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AFI Fest 2018: Breaking the Frame: A Conversation About Craft and Career

Three female directors—Shaz Bennett, Katrelle Kindred and Laura Steinel—spoke at a special breakfast panel, "Breaking the Frame: A Conversation About Craft and Career," at the historic Roosevelt Hotel on Monday morning as part of AFI Fest 2018.

Bennett and Kindred were both in the AFI Conservatory's Directing Workshop for Women (DWW). All three had movies screening at the festival. 

Steinel, an actress and television writer, had her first feature film, a comedy starring Taylor Schilling called "Family," at the festival after its SXSW premiere. Kindred's DWW project, "Warpaint" premiered at the Sundance Film Festival; the film explores what it is to be a young, black female in South Los Angeles on July 4th. Bennett took part in the inaugural Fox Directors Lab in 2017—the same year she was in the Sundance Screenwriting Lab. She directed her first television episode on season three of "Queen Sugar." Her short film, "Desert Rats" (pictured at top) premieres at AFI Fest 2018.

All three films are about family. Steinel said she was interested in looking at "misunderstood people." Bennett's short film is meant to help sell a premise for a television show. Kindred wanted to tell a story about "a day in the life being 14 in a certain community."

The women had to learn to let go of segments of the script that weren't working or there just wasn't time for film to include. Steinel said, "You hold on to what you know you need to tell the story." Bennett shot her feature in 15 days, but had already done so many re-writes that she was pretty confident with the script. Still, she originally had three different characters with three different timelines and did her final re-write in the editing and that resulted in two main characters being cut. "Sometimes that last edit is the last re-write." Kindred said, her story was "very personal" and the scene that was "most painful to write" was kept in. What you keep should be "as truthful to the story as possible."

Hoping to evoke a certain community, Kindred used songs that were "true to the environment." That might mean using tunes that "are not your music" because she was "trying to channel that teenage type" and kept in mind the community the kids were in.

Bennett was working with a composer on the soundtrack she had worked with previously. "When I first started working with him" she felt "I don't know how to explain what I need you to do," but then she "just started talking about the story" and would tell the composer, "at this morning, I need to feel this. They're musicians; they know how to do that." Sometimes the best thing is to get out of the way and let them do their jobs.

Not everything works once you get to running and filming the scenes. Steinel explained, "You learn really quickly to be collaborative," particularly because in her case they didn't have rehearsals. "There was some improvisation." When a scene wasn't working, she'd ask the actors what they thought would work better.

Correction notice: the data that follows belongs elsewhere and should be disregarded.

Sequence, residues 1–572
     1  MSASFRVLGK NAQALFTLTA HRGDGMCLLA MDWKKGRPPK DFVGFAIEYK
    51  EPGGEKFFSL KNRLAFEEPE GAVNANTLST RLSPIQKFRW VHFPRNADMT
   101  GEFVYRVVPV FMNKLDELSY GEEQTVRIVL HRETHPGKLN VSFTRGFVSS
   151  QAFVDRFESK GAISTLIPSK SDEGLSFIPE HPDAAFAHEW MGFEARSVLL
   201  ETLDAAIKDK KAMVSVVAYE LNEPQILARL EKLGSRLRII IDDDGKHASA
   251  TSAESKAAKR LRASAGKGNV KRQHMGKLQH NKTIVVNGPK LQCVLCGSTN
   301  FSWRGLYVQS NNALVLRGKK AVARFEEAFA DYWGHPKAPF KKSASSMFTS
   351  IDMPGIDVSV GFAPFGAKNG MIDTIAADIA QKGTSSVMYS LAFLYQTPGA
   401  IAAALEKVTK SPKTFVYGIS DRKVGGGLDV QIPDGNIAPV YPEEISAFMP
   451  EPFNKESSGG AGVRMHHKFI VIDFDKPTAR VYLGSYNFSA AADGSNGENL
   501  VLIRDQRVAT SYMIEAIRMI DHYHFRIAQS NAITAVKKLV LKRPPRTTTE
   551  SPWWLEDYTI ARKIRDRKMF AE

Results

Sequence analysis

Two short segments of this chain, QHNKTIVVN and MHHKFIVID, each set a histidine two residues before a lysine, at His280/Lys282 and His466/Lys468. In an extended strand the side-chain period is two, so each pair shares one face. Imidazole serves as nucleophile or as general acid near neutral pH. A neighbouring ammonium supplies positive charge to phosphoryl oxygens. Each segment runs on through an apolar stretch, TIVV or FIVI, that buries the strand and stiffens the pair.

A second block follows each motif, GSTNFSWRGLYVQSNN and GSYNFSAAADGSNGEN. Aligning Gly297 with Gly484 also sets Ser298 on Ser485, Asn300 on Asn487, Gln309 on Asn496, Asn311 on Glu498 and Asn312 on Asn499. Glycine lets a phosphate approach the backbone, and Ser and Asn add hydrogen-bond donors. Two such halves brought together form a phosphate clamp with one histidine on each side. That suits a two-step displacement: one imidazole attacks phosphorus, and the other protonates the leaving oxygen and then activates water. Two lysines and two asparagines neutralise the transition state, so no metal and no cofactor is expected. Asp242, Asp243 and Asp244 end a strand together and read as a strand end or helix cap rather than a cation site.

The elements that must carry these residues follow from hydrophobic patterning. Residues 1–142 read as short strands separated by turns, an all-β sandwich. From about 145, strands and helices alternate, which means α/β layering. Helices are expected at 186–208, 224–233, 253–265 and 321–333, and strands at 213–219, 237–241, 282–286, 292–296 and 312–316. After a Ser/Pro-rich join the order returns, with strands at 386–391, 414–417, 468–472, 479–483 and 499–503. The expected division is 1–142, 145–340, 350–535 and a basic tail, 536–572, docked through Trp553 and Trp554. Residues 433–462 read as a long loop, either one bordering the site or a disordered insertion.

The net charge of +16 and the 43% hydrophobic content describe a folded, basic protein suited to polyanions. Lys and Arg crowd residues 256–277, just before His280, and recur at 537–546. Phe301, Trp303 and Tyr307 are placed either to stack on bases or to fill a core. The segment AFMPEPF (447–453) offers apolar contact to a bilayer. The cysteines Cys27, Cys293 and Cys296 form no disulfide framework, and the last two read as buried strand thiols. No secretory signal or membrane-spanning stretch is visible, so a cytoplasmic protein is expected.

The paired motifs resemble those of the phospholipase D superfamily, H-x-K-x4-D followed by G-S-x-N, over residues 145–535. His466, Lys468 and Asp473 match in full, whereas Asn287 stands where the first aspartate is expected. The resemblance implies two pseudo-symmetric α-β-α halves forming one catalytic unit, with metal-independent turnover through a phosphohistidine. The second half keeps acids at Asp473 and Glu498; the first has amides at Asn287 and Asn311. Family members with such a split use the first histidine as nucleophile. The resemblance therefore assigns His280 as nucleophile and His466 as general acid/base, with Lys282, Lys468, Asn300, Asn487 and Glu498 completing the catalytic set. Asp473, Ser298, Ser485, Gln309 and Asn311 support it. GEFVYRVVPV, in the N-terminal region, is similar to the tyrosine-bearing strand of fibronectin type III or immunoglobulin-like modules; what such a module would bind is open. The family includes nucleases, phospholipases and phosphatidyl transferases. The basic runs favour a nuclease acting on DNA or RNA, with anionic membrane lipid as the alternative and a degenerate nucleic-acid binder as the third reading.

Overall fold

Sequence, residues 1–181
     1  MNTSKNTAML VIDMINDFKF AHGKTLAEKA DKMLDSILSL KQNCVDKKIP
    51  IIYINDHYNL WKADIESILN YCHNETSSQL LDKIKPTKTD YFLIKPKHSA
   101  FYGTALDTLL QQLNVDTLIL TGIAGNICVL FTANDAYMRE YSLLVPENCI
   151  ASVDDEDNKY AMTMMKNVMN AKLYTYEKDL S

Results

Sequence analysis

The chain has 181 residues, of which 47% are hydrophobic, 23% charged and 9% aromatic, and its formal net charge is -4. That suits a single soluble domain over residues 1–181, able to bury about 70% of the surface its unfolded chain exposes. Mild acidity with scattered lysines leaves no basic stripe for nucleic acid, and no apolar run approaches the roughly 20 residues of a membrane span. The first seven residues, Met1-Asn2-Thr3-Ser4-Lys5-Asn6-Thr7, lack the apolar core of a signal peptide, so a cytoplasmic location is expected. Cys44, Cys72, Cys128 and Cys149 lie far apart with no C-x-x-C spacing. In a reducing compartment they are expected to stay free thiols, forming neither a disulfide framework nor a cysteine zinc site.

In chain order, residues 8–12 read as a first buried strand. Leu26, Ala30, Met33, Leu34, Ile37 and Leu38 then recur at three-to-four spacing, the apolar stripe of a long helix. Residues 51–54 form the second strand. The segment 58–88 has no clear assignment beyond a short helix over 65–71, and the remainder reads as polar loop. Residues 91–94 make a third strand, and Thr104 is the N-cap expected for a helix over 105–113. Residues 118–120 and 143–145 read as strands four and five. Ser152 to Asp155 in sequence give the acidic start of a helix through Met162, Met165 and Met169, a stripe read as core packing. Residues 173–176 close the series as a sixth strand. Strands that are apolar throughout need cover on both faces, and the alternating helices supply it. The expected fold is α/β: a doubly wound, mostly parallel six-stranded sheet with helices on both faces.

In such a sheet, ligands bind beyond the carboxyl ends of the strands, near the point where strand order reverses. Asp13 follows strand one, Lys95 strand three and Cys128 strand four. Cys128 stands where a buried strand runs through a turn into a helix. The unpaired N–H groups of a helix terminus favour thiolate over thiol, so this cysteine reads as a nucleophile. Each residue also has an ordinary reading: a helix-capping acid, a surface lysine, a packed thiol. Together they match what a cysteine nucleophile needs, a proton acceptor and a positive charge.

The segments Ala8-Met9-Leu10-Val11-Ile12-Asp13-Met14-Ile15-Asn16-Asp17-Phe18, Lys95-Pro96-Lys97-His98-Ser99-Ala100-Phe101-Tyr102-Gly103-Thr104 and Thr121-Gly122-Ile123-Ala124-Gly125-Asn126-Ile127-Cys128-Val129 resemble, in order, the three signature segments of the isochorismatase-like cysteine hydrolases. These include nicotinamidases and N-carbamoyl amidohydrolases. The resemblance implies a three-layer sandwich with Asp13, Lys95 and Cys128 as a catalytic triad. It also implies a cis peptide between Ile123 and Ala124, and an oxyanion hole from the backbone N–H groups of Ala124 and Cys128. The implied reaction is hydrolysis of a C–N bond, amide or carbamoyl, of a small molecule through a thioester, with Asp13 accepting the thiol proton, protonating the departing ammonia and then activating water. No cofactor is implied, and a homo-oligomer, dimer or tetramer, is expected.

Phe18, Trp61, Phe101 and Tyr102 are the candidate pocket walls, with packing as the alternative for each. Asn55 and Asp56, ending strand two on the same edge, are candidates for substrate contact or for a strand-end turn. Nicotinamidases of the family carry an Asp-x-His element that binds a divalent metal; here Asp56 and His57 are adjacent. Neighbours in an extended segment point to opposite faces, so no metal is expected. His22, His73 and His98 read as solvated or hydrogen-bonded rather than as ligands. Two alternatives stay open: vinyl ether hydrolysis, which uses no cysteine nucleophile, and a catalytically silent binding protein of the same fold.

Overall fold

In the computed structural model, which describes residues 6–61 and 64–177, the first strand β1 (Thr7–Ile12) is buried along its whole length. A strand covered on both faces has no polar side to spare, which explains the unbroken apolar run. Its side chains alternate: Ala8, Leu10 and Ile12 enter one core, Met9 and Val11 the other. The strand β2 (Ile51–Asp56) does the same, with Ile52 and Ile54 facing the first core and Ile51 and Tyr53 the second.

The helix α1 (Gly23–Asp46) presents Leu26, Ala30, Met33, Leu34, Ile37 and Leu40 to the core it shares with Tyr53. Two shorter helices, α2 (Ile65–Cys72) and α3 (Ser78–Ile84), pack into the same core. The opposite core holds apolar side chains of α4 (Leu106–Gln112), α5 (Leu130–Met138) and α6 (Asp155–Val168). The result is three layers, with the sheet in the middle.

For Bennett, she and her crew were a "well-oiled machine" and she said, "We made sure we had the time to give breath to the story." Because she filmed in 29 Palms in California, but the action is supposed to take place on the Salt Flats in Utah, she made sure the shift the color from the beige of the California desert to the blues and whites of Utah because "the reflection from the salt is so unique."

Kindred wanted to "play with the color palette from pink to red," with red "meaning the danger zone for these girls." Her goal was to "enhance it (the community) with that color palette and not change it." She also noted that to prepare, she watched a lot of short films and music videos and she and her crew "talked for a month about the script before we talked about the visuals."

To get where these women are requires sacrifice. Steinel advised: “Don't give away your work; don't give away your scripts and don't be a perfectionist. Make garbage. Sometimes women tend to over scrutinize themselves in their work and stop themselves." She spent weekends without a social life, just cranking out scripts at a Starbucks with her cumbersome laptop.

Bennett was "lucky to get a job as a writer's assistant on a television show." There she learned that you can "pitch 50 ideas and 20 of them get shot down." Television moves fast and you just need to keep writing. "Don't get precious about it. I have six friends and we hold each other accountable."

Kindred keeps herself on schedule. She'd make a pact like she owes herself 10 pages by a certain day or she doesn't get to do something else.

The cash to make their movies came from different sources. Kindred got $10,000 from Fox as part of the Lab. Steinel put up her own cash and borrowed money from her parents, but she also admits, "I did all the wrong things—shot outside, with a kid in Santa Monica." Kindred was able to find match-funding grants with companies that hold space for that topic and she had a topic that "people care about" so she was able to raise all that money.

Jana Monji

Jana Monji, made in San Diego, California, lost in Japan several times, has written about theater and movies for the LA Weekly, LA Times, and currently, and the Pasadena Weekly. Her short fiction has been published in the Asian American Literary Review.

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